‘There’s something inspiring about the way he comes to write Tarka by a kind of deep immersion – plunging himself into the creature’s habits and habitats, crawling through spinneys and splashing through rivers to get an otter’s-eye view of the world . . .’
This woodcut of an otter by Agnes Miller Parker was originally produced in 1937 as a series of 83 black and white engravings to accompany Down the River – H.E. Bates’s wonderfully evocative paean to English waterways. We were delighted to be able to use it to illustrate Jonathan Law’s article on Tarka the Otter in Slightly Foxed Issue 35, back in Autumn 2012.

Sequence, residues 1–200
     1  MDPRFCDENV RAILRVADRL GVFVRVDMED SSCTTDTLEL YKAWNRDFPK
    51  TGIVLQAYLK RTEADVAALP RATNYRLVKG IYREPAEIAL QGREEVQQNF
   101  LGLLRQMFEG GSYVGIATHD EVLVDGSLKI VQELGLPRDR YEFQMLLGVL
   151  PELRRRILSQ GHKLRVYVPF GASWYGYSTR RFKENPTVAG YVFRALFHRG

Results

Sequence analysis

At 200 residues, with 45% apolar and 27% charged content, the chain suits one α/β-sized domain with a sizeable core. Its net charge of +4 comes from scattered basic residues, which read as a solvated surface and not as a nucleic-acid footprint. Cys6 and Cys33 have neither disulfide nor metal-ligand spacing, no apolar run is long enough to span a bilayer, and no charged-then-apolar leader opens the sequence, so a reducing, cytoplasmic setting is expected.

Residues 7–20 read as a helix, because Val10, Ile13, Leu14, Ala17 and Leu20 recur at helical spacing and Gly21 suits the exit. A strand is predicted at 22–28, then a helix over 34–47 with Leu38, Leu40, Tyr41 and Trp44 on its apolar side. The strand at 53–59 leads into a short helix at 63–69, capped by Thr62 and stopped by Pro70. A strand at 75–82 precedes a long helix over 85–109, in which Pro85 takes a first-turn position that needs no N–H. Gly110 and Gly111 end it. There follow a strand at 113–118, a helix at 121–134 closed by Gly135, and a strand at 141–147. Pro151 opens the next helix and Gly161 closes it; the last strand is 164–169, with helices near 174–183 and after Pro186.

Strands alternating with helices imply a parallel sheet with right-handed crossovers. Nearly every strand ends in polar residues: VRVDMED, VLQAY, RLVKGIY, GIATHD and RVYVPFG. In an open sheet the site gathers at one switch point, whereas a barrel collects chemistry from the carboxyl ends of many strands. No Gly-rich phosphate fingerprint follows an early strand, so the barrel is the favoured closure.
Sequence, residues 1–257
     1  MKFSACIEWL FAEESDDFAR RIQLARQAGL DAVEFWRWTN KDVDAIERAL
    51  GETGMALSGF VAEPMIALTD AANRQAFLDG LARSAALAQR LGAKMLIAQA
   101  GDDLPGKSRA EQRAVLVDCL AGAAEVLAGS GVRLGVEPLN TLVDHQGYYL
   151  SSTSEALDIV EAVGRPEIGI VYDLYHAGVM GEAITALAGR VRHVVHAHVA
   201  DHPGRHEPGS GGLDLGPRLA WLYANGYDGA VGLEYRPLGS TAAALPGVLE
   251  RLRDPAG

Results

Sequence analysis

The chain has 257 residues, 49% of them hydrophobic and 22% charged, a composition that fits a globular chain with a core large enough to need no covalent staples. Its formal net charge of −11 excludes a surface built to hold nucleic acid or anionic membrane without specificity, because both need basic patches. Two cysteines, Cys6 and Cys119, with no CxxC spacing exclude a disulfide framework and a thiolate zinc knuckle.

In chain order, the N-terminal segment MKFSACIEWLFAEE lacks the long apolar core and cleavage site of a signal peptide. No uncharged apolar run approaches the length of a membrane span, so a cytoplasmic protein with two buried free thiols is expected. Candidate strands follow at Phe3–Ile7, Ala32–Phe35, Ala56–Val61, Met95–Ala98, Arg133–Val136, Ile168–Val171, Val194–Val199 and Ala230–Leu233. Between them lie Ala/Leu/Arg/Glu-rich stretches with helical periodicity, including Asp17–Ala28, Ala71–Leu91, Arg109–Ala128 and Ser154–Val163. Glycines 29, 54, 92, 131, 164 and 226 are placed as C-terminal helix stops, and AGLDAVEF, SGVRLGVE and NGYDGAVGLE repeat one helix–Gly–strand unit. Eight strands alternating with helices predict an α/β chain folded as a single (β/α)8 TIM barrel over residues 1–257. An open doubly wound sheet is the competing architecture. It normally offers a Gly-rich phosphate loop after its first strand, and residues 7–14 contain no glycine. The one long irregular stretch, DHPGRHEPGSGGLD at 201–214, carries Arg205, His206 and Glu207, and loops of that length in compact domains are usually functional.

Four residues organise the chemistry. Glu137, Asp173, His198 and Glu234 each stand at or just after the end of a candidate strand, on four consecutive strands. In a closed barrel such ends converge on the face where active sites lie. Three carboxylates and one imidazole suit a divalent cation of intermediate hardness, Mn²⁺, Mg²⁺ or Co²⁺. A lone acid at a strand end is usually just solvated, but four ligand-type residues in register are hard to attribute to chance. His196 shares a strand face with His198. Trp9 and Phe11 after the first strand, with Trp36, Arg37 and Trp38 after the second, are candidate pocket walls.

About the contributor
Agnes Miller Parker was born in Ayrshire in 1895 and studied painting at the Glasgow School of Art. Despite no formal training in the art of wood engraving, her richly detailed prints brought the text of many books to life, including Bates’s other classic work, ‘Through the Woods’ as well as ‘The Fables of Aesop’, Thomas Gray’s ‘Elegy Written in a Country Churchyard’, Shakespeare’s ‘Richard II’ and some of Hardy’s most famous novels.